How Car Accident Impact Your Insurance

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Nobody plans for a car accident to happen. Nevertheless, it can occur without warning and alter the lives of those involved. Thankfully we have insurance to take care of immediate questions of the cost, damages and future ramifications of all parties involved.
But how do car insurance companies assign fault and how does fault affect those involved in the crash? From fender-benders to life-threatening injuries, every company follows a system of scenarios and formulas to help assess fault.
Here are some key takeaways for how car accidents impact your insurance:

1. Always stay at the scene

If you are worried about your car insurance premiums going up after an accident, ensure there is proper process following an accident. If you leave the scene of an accident without notifying the police or reporting to your car insurance company, there is not much to be done. As a rule:always exchange full insurance and contact information with the other driver or drivers involved in the collision; and do not leave the scene of the accident before getting the green light by police.

Note: if others flee the scene, record their license plate number and call police immediately.
Click here to learn more about what to do in the event of a car accident.

2. Do not assume you are at fault

There are a variety of factors which determine who is at fault in acollision. Even if it seems obvious it’s you, let the police and insurance companies do their work. For example, if you are not paying attention and hit someone head-on, there is a chance they were not paying attention either. If the other driver becomes aggressive, confrontational or is pressuring you to take the blame, keep your distance and wait for police to arrive.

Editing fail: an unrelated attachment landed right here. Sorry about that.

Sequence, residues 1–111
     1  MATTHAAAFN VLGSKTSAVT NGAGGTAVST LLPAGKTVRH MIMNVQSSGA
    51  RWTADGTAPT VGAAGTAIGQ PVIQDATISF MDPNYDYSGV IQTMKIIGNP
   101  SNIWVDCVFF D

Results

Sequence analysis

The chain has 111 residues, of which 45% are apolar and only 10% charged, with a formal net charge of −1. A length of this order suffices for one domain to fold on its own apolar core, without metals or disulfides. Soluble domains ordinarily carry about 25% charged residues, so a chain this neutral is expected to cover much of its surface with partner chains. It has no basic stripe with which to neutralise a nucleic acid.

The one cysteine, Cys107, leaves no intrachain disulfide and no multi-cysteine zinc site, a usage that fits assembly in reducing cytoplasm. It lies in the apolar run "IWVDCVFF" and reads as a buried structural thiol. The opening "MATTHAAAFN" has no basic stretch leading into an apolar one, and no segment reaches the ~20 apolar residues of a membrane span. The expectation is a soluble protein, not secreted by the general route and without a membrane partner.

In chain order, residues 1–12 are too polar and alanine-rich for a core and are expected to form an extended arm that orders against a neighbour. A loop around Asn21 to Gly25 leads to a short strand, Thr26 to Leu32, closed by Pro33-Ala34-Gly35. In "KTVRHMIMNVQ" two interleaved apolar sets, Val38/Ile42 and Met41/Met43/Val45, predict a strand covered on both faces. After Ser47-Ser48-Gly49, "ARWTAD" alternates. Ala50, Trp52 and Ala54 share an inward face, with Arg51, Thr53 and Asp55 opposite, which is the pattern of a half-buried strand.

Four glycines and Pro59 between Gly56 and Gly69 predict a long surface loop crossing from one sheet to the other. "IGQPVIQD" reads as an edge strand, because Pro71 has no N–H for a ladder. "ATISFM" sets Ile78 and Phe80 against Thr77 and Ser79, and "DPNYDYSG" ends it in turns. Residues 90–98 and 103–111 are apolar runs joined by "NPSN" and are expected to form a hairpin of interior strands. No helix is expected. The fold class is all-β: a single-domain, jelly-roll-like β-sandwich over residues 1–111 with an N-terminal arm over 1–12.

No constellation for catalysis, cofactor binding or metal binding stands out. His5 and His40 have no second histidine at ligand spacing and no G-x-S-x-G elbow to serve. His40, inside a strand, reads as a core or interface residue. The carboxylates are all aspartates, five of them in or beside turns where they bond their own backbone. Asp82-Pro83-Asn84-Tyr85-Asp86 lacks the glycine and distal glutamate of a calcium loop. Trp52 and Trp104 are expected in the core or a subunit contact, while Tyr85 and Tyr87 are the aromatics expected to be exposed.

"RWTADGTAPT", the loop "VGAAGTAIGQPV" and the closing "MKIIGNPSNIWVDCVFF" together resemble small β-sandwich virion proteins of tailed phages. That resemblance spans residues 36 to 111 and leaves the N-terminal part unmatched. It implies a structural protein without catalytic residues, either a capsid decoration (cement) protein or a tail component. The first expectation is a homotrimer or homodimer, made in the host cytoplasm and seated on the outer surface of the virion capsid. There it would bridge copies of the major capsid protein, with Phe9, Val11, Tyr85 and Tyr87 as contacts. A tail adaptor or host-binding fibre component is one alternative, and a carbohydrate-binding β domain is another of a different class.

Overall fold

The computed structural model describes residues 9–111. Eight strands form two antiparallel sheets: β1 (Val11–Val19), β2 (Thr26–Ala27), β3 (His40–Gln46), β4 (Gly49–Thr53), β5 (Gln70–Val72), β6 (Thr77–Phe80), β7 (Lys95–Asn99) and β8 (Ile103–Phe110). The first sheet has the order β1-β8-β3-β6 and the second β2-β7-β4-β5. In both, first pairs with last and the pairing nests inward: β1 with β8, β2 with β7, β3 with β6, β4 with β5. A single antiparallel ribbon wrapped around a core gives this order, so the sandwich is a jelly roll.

Note: admitting fault at the scene of the accident can influence the assignment of fault in an accident and can ultimately raise your premiums.

3. Fault is assigned by insurance

After a car accident occurs and is reported, your insurance company begins the task of assigning fault. They start by reading over the police report and applying the details of the accident to a variety of hypothetical scenarios. Fault can be assigned to one driver or split across all parties involved.

Cheat Sheet: You are almost always at fault if you:

  • are the sole driver involved
  • rear-end someone
  • side-swipe someone in your blind-spot

4. Drivers who are deemed ‘at fault’ may see their premiums rise

If your insurance provider deems you more than 25%at fault in an accident, you are most likely going to see your premiums rise. The rate increase typically takes affect at your next renewal date and usually remains raised for a few years, depending on the severity of the accident and your driving record. In general, accidents remain on your driving record for 6 to 10 years.

Note: since car insurance is assigned to the car itself, even if someone else crashes your car, your premiums are affected.

5. Not everyone involved in an at fault car accident is at fault

If you are riding as a passenger in a car that is found at fault in an accident, your insurance is not going to be affected Rather you are covered under the at fault driver’s insurance. The same can be said if you are hit by a car as a pedestrian.

6. Rates do not always go up

Minor accidents or fender-benders do not always mean increases to premiums. While the threshold of when a minor accident becomes more serious varies from insurance company to insurance company, if you have a clean driving record, you might get lucky.
Here are some more ways to help lower your auto insurance premiums.

7. Some car accidents can be forgiven

Depending on your insurance provider, additional coverage, called ‘accident forgiveness,’ can be made available to accident-free drivers who have been licensed for 6 or more years. In the event of a car accident, this type of coverage can prevent premiums from rising significantly or, depending on the severity of the accident, possibly prevent them from rising at all.